The House and Senate held lengthy floor sessions this week as lawmakers held one vote after another on a backlog of bills.
The House and Senate held lengthy floor sessions this week as lawmakers held one vote after another on a backlog of bills. The FY2023 budget bill, transportation bill (T-Bill) and capital bill all received floor votes in the House this week as did a major bill relating to workforce development and many other policy bills. The House worked deep into the evening on Wednesday and Thursday to try to clear its calendar so the Senate can receive and start work on the budget and other bills as the final phase of the 2022 legislative session approaches. The Senate was busy on the floor as well, as a number of bills from crossover were queued for votes. In addition there was a joint session for judicial retention on Thursday, making week 11 the most floor-heavy week so far. The result was a relatively light week for committee work.
The FY2023 budget that received final approval by the House today is the largest proposed budget in Vermont history, exceeding $8 billion for the first time. This is in large part due to strong General Fund revenues and hundreds of millions of dollars in federal American Rescue Plan Act (ARPA) funds. On Monday the House Committee on Appropriations voted 11-0 in support of the FY2023 budget (now H.740). The budget makes major investments in workforce development, fighting climate change, housing, state IT infrastructure, broadband and shoring up the state employees and teachers pension funds, among other things. The T-Bill also sets records with large increases in paving, bridge maintenance and alternative transportation upgrades and initiatives. The Capital Bill, H.739, allocates $21.5 million for expanding cell service coverage.
One of the highest priorities for the governor and legislature this year has been workforce development. The House Committee on Commerce and Economic Development has spent the bulk of the session working on H.703, a wide-ranging bill that aims to address the state’s most urgent workforce needs. Healthcare workforce and in particular the state’s nursing corps are a top priority in H.703. The bill includes millions of dollars in grants for nurse faculty and preceptors as it is widely recognized Vermont needs to significantly enhance the nursing pipeline. Loan forgiveness and financial support for nursing students are also included in the bill and the Green Mountain Care Board is given the flexibility to exclude hospital investments in nursing workforce development initiatives from budget growth calculations. In addition to healthcare workforce, H.703 invests in college graduates who commit to work in Vermont, career and technical education, upskilling and training in the trades, recruitment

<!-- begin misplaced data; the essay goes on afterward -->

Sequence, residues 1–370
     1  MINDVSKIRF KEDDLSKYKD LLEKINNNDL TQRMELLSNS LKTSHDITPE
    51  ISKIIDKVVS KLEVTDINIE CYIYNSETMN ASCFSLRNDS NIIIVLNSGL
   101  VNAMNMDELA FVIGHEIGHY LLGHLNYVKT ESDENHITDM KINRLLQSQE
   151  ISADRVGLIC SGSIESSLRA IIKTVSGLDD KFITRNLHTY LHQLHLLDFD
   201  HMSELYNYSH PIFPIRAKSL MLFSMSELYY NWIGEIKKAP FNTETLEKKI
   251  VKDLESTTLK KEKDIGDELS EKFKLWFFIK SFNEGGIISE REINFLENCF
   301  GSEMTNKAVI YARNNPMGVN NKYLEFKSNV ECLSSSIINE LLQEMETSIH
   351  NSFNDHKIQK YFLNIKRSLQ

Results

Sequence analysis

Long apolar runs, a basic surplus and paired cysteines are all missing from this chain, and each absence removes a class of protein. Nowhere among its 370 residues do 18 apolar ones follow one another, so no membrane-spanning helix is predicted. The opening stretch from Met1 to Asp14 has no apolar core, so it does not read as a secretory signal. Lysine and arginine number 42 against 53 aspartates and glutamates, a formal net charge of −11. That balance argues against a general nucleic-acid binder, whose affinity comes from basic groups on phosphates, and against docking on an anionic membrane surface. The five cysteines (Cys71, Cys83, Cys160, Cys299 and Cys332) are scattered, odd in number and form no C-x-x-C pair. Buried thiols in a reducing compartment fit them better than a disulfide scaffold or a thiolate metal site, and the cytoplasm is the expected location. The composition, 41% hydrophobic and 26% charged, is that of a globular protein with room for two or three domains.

and many other workforce initiatives.
The Joint Rules Committee continues to consider whether to maintain or relax the mask requirement for the statehouse. With the Senate’s return to in-person legislating and as more members of the media and lobbyists return to the statehouse, pre-pandemic norms are starting to make their way back into the legislative session. Lawmakers who have voiced opposition to continuing the mask mandate point to the current state and federal guidance, which no longer calls for masking in most scenarios. Still, some lawmakers have reservations about removing the mask requirement, citing the small meeting areas, the rise of a new variant and the growing number of people coming into the building. The Joint Rules Committee will continue to discuss the mask mandate when they reconvene next week.
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